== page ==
Recently I opened my regulate FGIF Yoga class using very inspirational quote from Facebook saying:
The Goal of Yoga (No, it’s not the handstand). The yoga pose is not the goal. Becoming flexible is not the goal. Standing on your hands is not the goal.The goal is to create space where you were once stuck. To unveil the layers of protection you’ve built around your heart. To appreciate your body and become aware of the mind and the noise it creates. To make peace with who you are.The goal is to love, well…,you.Come to your yoga mat to feel; not to accomplish.Shift your focus and your heart will grow. ~ Rachel Brathen
I think it surprised a few yoga seekers in my class, quietness was felt in the bones. Yes, it is obvious that Yoga here in the West is more known by its practical aspect of asana, or physical posture “ looking good in yoga pants and being so back-bendy!”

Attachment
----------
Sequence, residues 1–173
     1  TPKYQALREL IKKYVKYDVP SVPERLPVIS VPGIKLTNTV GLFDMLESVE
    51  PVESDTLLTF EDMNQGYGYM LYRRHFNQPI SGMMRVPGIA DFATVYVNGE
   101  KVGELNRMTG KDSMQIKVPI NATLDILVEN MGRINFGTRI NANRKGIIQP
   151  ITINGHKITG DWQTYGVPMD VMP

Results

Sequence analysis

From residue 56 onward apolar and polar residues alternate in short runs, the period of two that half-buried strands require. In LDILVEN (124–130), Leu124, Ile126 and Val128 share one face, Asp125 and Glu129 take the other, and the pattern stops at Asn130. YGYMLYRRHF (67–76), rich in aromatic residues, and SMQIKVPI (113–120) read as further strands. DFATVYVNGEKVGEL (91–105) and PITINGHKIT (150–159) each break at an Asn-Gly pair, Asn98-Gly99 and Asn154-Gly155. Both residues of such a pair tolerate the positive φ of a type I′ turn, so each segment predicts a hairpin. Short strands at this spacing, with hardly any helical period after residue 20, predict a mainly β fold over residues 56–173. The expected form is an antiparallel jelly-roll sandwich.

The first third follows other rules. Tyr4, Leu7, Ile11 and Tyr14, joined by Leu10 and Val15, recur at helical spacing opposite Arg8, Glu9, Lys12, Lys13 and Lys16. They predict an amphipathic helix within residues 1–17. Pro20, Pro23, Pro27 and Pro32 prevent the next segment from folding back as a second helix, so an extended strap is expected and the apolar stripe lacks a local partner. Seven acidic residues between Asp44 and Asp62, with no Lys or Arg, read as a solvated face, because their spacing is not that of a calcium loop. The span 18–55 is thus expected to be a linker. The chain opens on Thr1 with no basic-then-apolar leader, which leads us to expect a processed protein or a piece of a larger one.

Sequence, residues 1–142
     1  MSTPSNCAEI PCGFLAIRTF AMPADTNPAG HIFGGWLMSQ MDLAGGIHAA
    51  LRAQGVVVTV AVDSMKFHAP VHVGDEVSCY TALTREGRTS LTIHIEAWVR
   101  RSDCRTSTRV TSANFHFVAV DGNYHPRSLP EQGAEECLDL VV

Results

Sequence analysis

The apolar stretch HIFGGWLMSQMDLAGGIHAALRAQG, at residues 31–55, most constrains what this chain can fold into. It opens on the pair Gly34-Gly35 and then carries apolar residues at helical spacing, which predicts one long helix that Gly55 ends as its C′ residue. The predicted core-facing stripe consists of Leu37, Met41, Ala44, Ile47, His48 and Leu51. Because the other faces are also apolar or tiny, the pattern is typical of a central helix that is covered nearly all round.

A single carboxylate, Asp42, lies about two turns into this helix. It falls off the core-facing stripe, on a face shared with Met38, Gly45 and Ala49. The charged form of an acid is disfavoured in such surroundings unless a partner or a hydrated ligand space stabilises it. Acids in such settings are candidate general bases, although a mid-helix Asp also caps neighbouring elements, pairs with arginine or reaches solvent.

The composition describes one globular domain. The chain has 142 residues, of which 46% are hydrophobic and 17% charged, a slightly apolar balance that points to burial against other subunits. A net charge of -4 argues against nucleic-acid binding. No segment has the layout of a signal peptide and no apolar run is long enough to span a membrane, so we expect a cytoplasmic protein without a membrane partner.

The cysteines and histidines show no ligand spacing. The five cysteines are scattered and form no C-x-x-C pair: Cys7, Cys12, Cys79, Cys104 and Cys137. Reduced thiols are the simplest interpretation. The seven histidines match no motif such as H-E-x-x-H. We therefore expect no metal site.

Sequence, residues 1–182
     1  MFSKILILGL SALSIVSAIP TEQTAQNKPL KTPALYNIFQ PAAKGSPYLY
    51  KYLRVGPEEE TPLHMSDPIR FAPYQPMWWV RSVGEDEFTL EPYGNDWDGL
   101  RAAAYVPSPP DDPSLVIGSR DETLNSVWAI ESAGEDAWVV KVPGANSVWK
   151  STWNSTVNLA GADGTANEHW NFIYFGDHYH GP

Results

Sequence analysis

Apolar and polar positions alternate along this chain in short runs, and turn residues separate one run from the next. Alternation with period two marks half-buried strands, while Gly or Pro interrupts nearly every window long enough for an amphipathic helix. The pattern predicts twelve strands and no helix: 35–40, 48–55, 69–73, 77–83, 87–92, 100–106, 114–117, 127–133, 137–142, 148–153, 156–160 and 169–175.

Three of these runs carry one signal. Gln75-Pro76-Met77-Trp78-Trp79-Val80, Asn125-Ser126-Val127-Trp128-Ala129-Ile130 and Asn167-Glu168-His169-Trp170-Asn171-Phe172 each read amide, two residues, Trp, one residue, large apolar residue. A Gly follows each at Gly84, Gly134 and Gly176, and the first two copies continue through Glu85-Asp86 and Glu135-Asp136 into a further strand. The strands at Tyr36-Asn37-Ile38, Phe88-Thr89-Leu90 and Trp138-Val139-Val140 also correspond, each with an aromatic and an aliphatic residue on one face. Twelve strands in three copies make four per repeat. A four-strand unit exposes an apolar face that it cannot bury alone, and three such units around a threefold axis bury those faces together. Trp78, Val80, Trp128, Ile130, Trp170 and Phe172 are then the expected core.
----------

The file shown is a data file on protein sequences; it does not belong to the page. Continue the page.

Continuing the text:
I kept surprising them sharing that it is not goal and true purpose of yoga. So what is hidden behind a goal of yoga? Simple answer will be LIFE in its full spectrum.
I briefly introduced THE EIGHT LIMBS OF YOGA to see if they could find my way of presenting yoga, here in our class to my surprise they did.
THE EIGHT LIMBS OF YOGA
YOGA core principles that serve as a compass for living a meaningful and purposeful life.
Yamas are ethical considerations to help guide interactions with others. There are five yamas:
- NONVIOLENCE (Ahimsa)
- TRUTHFULNESS (Satya)
- NON-STEALING (Asteya)
- CHASTITY AND FIDELITY (Brahmacharya)
- NON-COVETING (Aparigraha)